Controlling digital reputation is vital

When it comes to building a strong corporate, product, or personal brand, the Internet has become the Holy Grail for connecting with customers, friends, and coworkers. In this digital age, you must decide which face you want to show to the world. Every action you take can be heard and seen, and damage your brand in an instant. You can treat the Internet as a personal prison or a world of everlasting opportunities.

When it comes to building a strong corporate, product, or personal brand, the Internet has become the Holy Grail for connecting with customers, friends, and coworkers. In this digital age, you must decide which face you want to show to the world. Every action you take can be heard and seen, and damage your brand in an instant. You can treat the Internet as a personal prison or a world of everlasting opportunities.

Companies, as well as people, have actually lost control of their respective brands, as blogs, podcasts, and social networks gave permission for the masses to start the conversations, whether positive or negative. A quarter of Internet users visit social networking sites such as Facebook, MySpace, and LinkedIn (TNS, June '08) and there will be 145 million people reading blogs by 2012 (eMarketer, May '08).

The new state of the Web calls for lightening fast messages, which were first popularized by the Twitter microblogging service. Despite the growth in messaging, you can keep track of your reputation on Twitter with TweetScan.com, and you can set up Technorati and Google RSS feeds for you or your company's name. This labor-intensive method can be scaled with online reputation management providers.

To make matters worse - and to raise your anxiety - livecasting and life streaming video Web sites are starting to become mainstream. Yes, even Hollywood producers like Steven Spielberg have broadcasted online. What started out as Justin.tv, which entitles anyone to broadcast their life, has given rise to other services, such as UStream, Seesmic, Qik, Utterz, and Kyte.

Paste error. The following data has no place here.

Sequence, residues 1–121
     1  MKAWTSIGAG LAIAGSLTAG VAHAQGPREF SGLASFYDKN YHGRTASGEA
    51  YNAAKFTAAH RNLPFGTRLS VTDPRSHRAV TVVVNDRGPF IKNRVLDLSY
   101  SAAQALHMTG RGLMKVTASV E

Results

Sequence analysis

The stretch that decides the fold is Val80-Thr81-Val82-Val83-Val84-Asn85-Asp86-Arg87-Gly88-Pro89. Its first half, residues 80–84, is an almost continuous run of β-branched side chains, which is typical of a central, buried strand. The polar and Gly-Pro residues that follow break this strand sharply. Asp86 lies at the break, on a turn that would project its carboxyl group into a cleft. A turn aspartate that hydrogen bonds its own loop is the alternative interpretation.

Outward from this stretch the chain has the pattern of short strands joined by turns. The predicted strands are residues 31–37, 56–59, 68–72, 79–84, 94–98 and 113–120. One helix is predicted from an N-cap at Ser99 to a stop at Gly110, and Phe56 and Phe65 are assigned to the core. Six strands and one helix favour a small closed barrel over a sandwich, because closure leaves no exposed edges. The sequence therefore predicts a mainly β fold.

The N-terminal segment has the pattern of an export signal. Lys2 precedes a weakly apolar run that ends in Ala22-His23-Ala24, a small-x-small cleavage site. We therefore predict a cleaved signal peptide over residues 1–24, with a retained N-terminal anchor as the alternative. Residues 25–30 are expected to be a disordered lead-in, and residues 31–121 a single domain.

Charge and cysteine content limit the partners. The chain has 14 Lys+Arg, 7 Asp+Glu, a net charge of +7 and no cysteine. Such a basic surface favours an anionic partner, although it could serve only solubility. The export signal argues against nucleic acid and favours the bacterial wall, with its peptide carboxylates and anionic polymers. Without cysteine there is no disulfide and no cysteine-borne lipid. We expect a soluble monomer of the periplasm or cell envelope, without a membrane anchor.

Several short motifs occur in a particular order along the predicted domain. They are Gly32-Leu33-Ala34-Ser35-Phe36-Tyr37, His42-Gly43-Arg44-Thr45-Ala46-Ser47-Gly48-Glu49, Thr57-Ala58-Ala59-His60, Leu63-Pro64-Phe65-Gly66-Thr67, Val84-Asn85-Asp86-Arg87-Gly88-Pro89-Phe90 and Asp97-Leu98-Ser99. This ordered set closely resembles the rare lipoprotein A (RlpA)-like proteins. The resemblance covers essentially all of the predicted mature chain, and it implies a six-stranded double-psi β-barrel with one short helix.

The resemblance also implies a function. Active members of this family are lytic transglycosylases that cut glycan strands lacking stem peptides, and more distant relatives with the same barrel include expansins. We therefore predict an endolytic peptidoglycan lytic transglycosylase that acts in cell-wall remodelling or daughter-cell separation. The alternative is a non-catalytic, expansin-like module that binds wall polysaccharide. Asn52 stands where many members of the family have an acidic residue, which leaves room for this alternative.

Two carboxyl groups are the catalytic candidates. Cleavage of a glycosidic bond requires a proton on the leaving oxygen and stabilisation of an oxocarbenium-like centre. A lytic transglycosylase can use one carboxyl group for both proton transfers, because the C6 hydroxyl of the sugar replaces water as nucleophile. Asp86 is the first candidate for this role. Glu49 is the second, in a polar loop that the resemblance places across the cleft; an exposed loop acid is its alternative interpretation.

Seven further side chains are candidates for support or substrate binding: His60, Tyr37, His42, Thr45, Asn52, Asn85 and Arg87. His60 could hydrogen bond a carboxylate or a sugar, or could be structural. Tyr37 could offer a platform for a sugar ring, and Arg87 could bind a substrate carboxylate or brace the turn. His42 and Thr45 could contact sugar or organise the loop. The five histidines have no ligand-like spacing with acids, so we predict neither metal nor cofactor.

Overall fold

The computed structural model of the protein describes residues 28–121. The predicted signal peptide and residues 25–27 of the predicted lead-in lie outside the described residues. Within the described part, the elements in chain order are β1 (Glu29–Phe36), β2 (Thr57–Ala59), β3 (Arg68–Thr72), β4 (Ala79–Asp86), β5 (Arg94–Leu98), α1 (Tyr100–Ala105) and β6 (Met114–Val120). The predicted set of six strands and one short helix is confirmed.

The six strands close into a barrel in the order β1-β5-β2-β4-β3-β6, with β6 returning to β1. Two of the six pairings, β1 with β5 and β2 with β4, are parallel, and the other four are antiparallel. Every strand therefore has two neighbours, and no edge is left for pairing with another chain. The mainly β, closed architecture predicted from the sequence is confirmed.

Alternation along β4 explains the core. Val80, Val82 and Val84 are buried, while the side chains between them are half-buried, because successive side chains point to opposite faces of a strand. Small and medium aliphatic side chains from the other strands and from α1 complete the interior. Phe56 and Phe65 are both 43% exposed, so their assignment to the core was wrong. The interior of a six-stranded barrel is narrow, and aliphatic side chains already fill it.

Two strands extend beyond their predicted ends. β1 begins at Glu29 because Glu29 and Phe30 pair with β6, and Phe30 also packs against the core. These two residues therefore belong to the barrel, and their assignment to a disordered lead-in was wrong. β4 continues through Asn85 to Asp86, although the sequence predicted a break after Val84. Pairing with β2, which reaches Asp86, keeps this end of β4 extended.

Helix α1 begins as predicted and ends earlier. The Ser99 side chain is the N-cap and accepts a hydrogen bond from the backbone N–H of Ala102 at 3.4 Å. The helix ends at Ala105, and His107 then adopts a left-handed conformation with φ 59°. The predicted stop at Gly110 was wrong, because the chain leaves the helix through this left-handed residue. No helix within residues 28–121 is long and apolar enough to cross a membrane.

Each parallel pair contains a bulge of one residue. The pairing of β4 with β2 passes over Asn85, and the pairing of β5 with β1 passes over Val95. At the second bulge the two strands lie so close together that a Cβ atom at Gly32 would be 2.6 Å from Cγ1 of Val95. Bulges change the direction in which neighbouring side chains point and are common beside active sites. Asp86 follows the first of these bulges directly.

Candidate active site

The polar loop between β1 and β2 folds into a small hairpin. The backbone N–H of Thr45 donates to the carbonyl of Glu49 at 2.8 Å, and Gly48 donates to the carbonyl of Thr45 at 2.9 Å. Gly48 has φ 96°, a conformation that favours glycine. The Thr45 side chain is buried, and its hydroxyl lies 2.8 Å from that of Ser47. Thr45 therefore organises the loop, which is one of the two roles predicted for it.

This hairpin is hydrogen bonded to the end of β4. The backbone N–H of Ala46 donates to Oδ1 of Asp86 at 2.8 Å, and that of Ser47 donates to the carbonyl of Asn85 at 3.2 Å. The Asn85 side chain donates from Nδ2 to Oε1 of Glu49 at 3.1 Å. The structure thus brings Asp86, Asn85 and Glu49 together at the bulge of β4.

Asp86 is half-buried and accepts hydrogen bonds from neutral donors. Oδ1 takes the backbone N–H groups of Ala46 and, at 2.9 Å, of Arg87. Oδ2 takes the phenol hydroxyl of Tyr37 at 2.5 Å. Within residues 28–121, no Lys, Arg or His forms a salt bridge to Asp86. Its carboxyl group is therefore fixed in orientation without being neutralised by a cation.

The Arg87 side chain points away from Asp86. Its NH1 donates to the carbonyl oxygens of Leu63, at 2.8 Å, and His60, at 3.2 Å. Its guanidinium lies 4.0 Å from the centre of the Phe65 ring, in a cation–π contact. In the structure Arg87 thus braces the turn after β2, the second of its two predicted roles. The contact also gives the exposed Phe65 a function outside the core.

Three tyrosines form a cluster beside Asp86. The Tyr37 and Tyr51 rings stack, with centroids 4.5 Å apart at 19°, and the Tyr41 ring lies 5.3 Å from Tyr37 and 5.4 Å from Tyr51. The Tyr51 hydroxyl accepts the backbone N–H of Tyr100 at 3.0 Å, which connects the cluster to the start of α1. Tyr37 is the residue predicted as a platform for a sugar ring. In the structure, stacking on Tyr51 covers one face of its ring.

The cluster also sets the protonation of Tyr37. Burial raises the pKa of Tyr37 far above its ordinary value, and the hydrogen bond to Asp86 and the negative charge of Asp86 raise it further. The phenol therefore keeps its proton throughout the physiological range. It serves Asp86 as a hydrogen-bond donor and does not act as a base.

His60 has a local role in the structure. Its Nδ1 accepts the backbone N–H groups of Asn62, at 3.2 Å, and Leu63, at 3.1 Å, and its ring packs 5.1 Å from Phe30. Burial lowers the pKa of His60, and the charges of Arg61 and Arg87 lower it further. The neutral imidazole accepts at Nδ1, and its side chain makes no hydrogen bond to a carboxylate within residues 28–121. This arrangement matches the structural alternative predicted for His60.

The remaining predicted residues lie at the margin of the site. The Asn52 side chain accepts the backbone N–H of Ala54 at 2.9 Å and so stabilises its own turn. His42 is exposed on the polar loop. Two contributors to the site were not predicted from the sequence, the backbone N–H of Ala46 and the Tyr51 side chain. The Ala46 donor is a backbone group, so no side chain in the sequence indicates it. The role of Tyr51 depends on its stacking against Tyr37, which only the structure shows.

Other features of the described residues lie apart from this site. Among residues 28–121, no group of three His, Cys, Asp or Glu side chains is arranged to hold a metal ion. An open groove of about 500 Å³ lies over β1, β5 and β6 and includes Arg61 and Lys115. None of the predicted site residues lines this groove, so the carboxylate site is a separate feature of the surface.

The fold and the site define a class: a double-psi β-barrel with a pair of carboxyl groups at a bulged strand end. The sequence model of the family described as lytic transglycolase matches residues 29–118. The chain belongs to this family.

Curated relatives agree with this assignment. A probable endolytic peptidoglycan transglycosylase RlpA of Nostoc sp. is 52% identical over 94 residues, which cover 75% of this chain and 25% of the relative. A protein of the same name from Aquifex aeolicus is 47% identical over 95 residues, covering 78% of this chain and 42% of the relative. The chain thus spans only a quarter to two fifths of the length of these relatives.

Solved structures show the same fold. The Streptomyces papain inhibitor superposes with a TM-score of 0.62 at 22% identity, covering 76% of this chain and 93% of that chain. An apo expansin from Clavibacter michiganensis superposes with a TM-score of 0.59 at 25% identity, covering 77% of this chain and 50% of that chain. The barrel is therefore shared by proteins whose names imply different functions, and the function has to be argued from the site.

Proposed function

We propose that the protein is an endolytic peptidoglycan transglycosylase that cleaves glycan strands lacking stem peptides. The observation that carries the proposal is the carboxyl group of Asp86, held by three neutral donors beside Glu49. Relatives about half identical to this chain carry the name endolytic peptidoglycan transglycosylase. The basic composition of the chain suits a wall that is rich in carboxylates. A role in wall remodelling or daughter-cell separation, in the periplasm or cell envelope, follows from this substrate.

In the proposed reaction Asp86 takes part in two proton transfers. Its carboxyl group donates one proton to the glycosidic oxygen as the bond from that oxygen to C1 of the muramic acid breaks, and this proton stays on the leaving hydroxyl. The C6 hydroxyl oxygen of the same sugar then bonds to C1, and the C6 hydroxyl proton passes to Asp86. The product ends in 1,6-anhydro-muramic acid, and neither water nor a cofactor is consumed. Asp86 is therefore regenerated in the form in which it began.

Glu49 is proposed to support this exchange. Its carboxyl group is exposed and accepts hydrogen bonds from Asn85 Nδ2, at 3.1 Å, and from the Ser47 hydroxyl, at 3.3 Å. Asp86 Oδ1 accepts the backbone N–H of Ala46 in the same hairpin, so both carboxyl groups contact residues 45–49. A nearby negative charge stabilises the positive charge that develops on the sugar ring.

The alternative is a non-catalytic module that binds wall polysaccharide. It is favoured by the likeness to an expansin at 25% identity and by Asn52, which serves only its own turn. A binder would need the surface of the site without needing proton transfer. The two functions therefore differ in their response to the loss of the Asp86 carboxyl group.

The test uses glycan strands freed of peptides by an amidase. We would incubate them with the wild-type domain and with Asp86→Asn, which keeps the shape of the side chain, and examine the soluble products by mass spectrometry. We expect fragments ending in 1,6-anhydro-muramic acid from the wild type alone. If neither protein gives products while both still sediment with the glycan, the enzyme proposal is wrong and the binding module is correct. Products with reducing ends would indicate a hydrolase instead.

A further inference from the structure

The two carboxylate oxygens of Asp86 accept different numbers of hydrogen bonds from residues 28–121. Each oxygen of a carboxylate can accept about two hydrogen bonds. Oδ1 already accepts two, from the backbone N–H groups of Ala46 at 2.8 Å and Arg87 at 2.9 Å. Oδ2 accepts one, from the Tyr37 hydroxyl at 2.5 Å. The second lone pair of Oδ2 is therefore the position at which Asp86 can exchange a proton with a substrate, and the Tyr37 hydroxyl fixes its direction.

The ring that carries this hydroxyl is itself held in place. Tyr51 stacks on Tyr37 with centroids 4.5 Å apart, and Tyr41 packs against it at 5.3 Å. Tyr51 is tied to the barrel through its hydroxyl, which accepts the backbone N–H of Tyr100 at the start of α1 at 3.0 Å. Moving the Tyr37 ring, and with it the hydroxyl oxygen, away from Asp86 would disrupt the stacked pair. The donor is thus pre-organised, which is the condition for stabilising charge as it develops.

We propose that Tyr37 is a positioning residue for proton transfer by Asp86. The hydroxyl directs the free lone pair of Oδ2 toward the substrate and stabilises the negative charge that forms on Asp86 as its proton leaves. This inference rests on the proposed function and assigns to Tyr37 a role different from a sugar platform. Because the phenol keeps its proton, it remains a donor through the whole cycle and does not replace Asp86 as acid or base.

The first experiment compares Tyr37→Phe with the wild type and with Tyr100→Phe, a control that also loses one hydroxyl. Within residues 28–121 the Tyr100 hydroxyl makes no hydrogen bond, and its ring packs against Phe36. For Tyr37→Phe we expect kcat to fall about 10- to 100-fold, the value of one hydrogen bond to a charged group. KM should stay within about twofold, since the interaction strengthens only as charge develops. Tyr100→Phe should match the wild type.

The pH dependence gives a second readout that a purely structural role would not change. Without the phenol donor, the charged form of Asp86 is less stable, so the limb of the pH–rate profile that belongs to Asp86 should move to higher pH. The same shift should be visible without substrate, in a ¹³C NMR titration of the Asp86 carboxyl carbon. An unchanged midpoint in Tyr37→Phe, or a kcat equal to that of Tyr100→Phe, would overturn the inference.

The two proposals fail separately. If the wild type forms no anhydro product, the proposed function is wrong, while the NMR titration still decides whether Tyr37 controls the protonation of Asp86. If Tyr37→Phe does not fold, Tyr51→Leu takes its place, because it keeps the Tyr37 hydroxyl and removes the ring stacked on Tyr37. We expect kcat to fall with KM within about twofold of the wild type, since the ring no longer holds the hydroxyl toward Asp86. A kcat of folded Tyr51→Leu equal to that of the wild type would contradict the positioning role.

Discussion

Now from your mobile phone, you can take a picture or record a video and have it streamed to a branded Web page seamlessly. These live feeds don't enable you to freely edit or copy and paste. Any action you take now can appear live on the Internet or be recorded for distribution. AT&T now offers JuiceCaster, which allows you to accomplish this same feature for a small fee.

With the power of embedded video, that single clip can be moved and mashed up and appear on 1,000 different sites in a day. By 2012, there will be 975 million mobile users (Computerworld, May '08) and 30% of European social network users access them through a phone (Telecom Paper, June '08).

You cannot escape these conversations. You have to see them as an opportunity to face the truth, be honest, and monitor your reputation constantly. The days of corporate marketing spin are coming to a close. Your name, picture, and logo are all you have now.

Stop what you're doing right this moment. Conduct a search on your name. What do you find? Is what you discover factual or inaccurate? Develop a strategy to monitor your reputation, communicate with the people who write about you, and always be true to your personal or corporate values.

Dan Schawbel is a social media specialist at EMC Corporation. He blogs at personalbrandingblog.com.

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